The opinion of the court was delivered by: Samuel Der-yeghiayan, District Judge
This matter is before the court on Defendant Prada USA Corp.'s ("Prada") motion to dismiss. For the reasons stated below, we grant the motion to dismiss and dismiss the instant action.
Plaintiff Parisima Abdullahi ("Abdullahi") alleges that she worked for Prada as a sales person. Abdullahi alleges that in September 2001 Prada management and co-workers of Abdullahi began to insult her and to make derogatory and insensitive comments regarding her national origin. Abdullahi also claims that the management at Prada conspired against her to take away her customers and to harm her professional reputation by creating false customer complaints about her. Abdullahi contends that she complained about the alleged mistreatment and that no actions were taken to correct the problem.
On March 10, 2006 Abdullahi filed a charge with the Equal Employment Opportunity Commission ("EEOC") ("First Charge") alleging discrimination against her due to her national origin and religion in violation of Title VII of the Civil Rights Act of 1964 ("Title VII"), 42 U.S.C. § 2000e et seq. (See 10/23/06 Charge). Abdullahi contends that shortly thereafter, on April 8, 2006, Prada terminated her employment in retaliation for the filing of the First Charge. On April 17, 2006, Abdullahi filed a second EEOC charge ("Second Charge") alleging discrimination and retaliation in violation of Title VII. (4/17/06 Charge). Finally, on October 23, 2006, Abdullahi filed a third EEOC charge ("Third Charge") alleging discrimination and retaliation in violation of Title VII due to her discharge. (10/23/06 Charge). Abdullahi also alleged in the Third Charge that after her termination, Prada continued to retaliate against her by "spreading rumors about [her], subject[ed] [her] to harassment and referr[ed] to [her] national origin and religion in derogatory terms." (10/23/06 Charge). On August 21, 2006, Abdullahi brought the instant action and filed an amended complaint on January 29, 2007, alleging that she was:
(1) discriminated against because of her national origin and religion in violation of Title VII and 42 U.S.C. § 1981 ("Section 1981"), (2) subjected to a hostile work environment in violation of Title VII, and (3) retaliated against in violation of Title VII. Prada moves to dismiss the instant action.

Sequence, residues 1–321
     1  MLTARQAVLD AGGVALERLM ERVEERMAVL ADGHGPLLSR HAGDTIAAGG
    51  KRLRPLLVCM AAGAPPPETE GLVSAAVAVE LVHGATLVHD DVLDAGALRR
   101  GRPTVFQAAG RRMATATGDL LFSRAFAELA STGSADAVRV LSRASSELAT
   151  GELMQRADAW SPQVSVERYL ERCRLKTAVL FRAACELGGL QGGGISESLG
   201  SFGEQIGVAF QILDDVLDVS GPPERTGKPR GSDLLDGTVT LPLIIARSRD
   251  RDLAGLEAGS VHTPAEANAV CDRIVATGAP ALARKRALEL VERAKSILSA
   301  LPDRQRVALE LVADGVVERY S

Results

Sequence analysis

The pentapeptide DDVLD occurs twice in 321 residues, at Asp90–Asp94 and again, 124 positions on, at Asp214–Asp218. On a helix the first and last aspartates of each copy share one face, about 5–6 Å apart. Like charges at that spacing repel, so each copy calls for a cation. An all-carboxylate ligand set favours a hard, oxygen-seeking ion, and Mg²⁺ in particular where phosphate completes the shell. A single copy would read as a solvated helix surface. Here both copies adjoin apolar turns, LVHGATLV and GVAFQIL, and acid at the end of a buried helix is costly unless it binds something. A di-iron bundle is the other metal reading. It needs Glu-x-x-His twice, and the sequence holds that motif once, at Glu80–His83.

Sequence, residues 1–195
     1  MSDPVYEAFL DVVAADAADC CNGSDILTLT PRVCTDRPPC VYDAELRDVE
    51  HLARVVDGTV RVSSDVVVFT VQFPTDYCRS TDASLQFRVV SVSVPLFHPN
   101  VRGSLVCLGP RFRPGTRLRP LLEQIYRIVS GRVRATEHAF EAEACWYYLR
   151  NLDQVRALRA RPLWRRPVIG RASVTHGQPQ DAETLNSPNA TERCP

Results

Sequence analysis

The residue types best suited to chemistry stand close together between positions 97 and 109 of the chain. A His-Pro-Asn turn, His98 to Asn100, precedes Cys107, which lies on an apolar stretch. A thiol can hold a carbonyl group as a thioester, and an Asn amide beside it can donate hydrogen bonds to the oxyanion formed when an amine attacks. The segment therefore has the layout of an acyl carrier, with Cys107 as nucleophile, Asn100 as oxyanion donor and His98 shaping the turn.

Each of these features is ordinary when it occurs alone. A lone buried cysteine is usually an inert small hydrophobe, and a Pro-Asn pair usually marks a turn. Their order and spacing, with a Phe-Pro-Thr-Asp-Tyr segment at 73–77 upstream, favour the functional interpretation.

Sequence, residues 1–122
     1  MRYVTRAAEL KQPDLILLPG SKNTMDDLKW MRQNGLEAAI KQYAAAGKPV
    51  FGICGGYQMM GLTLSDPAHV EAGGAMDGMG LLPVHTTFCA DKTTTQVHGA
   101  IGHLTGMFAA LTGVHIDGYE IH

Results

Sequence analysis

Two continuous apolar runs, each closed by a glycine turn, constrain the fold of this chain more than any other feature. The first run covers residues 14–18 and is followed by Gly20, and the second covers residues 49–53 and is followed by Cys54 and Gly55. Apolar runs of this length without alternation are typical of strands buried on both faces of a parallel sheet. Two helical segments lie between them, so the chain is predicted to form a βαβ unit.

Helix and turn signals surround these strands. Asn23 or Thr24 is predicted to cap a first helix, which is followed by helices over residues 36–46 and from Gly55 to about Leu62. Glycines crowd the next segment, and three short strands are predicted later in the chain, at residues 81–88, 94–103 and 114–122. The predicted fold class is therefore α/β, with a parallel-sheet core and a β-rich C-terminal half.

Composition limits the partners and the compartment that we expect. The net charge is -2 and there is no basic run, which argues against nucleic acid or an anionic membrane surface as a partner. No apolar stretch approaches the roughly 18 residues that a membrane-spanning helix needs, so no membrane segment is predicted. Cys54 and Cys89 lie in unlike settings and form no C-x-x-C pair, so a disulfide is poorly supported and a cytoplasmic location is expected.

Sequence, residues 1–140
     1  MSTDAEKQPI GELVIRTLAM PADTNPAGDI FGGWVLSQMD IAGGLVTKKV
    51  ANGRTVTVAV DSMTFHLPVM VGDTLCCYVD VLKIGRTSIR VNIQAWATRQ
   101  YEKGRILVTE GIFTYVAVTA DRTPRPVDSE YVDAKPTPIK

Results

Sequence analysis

In ruling on a motion to dismiss brought pursuant to Federal Rule of Civil Procedure 12(b)(6) the court must draw all reasonable inferences that favor the plaintiff, construe the allegations of the complaint in the light most favorable to the plaintiff, and accept as true all well-pleaded facts and allegations in the complaint. Thompson v. Ill. Dep't of Prof'l Regulation, 300 F.3d 750, 753 (7th Cir. 2002); Perkins v. Silverstein, 939 F.2d 463, 466 (7th Cir. 1991). The allegations of a complaint should not be dismissed for a failure to state a claim "unless it appears beyond doubt that the plaintiff can prove no set of facts in support of his claim which would entitle him to relief." Conley v. Gibson, 355 U.S. 41, 45-46 (1957); see also Baker v. Kingsley, 387 F.3d 649, 664 (7th Cir. 2004)(stating that although the "plaintiffs' allegations provide[d] little detail. . . [the court could not] say at [that] early stage in the litigation that plaintiffs [could] prove no set of facts in support of their claim that would entitle them to relief"). Nonetheless, in order to withstand a motion to dismiss, a complaint must allege the "operative facts" upon which each claim is based. Kyle v. Morton High Sch., 144 F.3d 448, 454-55 (7th Cir. 1998); Lucien v. Preiner, 967 F.2d 1166, 1168 (7th Cir. 1992). Under current notice pleading standard in federal courts a plaintiff need not "plead facts that, if true, establish each element of a 'cause of action. . . .'" See Sanjuan v. Am. Bd. of Psychiatry and Neurology, Inc., 40 F.3d 247, 251 (7th Cir. 1994)(stating that "[a]t this stage the plaintiff receives the benefit of imagination, so long as the hypotheses are consistent with the complaint" and that "[m]atching facts against legal elements comes later"). The plaintiff need not allege all of the facts involved in the claim and can plead conclusions. Higgs v. Carver, 286 F.3d 437, 439 (7th Cir. 2002); Kyle, 144 F.3d at 455. However, any conclusions pled must "provide the defendant with at least minimal notice of the claim," id., and the plaintiff cannot satisfy federal pleading requirements merely "by attaching bare legal conclusions to narrated facts which fail to outline the bases of [his] claims." Perkins, 939 F.2d at 466-67. The Seventh Circuit has explained that "[o]ne pleads a 'claim for relief' by briefly describing the events." Sanjuan, 40 F.3d at 251; Nance v. Vieregge, 147 F.3d 589, 590 (7th Cir. 1998)(stating that "[p]laintiffs need not plead facts or legal theories; it is enough to set out a claim for relief").
Abdullahi alleges in her amended complaint that she was discriminated against because of her national origin in violation of Section 1981. (A. Compl. Par. 9(d)). However, the Seventh Circuit has held that "Section 1981 applies to allegations of discrimination based on race but not national origin." Pourghoraishi v. Flying J, Inc., 449 F.3d 751, 756 (7th Cir. 2006). Thus, based upon the allegations in the amended complaint, Abdullahi has failed to state a proper Section 1981 claim and we grant Prada's motion to dismiss the Section 1981 claim.
Prada argues that to the extent that Abdullahi's Title VII discrimination and hostile work environment claims are based upon conduct referenced in the First Charge and Second Charge, such claims are time-barred. Prada also contends that the allegations included in ...